of Aotearoa New Zealand
Dr Thomas Noakes-Duncan is a lecturer with the Diana Unwin Chair in Restorative Justice – School of Government, at Victoria University of Wellington.
‘The degree of civilisation in a society can be judged by entering its prisons.’ Dostoevsky’s sentiment remains as true today as it did during his. We might extend his insight by saying civil society can be judged by how many it sends to prison. On this measure, New Zealand would not fare very well at all, as we have one of the highest rates of incarceration in the OECD.
With the prison population fast approaching 10,000, Jesus’ words take on new significance: ‘I was in prison and you visited me…for just as you did this for the least of my family, you did it to me’ (Mt. 25:36-40). Such visiting requires both being in solidarity with those behind bars as well as exploring approaches other than punishment for dealing with the harm caused by crime. This is where restorative justice comes in.
It offers a way of conceptualising the justice needs that exists in those affected by wrongdoing as well as offering a set of skills for satisfying those needs. As a way of doing justice, it makes space for mercy and compassion to guide all respective relationships towards a more peaceable outcome. Crucial is respect for each person’s human dignity and what needs to be done to restore it.
In the context of crime, restorative justice is concerned with restoring a sense of trustworthiness in offenders as they take responsibility for their actions. Restoring wellbeing in victims as their needs are addressed and dignity repaired. Restoring relationships damaged by the offending, especially within whānau. Restoring belonging by extending to the released prisoner all the benefits and obligations of equal citizenship. And finally, restoring peace to society by addressing the drivers of crime.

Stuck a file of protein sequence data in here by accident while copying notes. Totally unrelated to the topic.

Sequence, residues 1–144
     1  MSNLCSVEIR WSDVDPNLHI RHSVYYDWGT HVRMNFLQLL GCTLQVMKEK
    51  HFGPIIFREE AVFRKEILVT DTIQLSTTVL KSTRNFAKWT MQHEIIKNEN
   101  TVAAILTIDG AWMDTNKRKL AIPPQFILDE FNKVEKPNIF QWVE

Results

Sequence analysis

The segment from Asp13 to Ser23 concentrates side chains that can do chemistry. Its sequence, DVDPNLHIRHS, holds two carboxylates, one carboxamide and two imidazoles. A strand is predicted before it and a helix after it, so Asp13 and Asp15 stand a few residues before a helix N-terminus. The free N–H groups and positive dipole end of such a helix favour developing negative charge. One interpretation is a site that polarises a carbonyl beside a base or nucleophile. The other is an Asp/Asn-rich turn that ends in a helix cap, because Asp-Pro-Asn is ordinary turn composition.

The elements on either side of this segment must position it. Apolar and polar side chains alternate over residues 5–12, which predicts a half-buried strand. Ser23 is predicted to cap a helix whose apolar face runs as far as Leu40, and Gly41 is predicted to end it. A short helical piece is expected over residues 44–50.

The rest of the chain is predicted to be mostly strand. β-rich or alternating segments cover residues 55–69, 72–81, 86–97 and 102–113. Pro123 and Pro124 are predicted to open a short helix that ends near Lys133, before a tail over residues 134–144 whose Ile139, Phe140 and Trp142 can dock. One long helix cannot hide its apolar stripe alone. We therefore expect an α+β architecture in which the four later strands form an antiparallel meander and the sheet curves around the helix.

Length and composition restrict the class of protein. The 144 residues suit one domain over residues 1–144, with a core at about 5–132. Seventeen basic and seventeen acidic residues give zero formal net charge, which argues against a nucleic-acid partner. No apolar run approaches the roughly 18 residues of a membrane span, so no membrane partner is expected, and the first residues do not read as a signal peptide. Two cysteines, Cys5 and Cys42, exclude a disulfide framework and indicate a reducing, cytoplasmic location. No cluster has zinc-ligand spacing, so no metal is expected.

The church could have a special role in realising this high calling. By supporting initiatives that bring together those harmed by crime with those who have done the harm, for the purpose of seeking healing, the church participates in Jesus’ ministry of healing and reconciliation. By welcoming released prisoners into its community and extending its resources, including the community’s source of love and belonging, the church fulfils its mandate of being the beloved community.
This work of seeking restoration in wider society is not additional to but, an extension of the church’s own sacramental life. The social actions performed in the Eucharist are meant to overflow the altar so others may begin to taste and see the reconciliation God has ordained for all creation. The community of faith are called to be a foretaste of God’s peaceable revolution, witnessing in its life together His justice and mercy.
It is this understanding of justice that the church needs to bring to bear on the pursuit of justice in civil society, especially on how prisoners and their victims are treated. Doing so will not always be easy; indeed, more will be demanded of us. We owe as much to those who are in need of mercy, and we will be a better society for it.
This article was originally published in WelCom, a newspaper for the Wellington and Palmerston North Catholic Dioceses. It is republished here with permission from the author.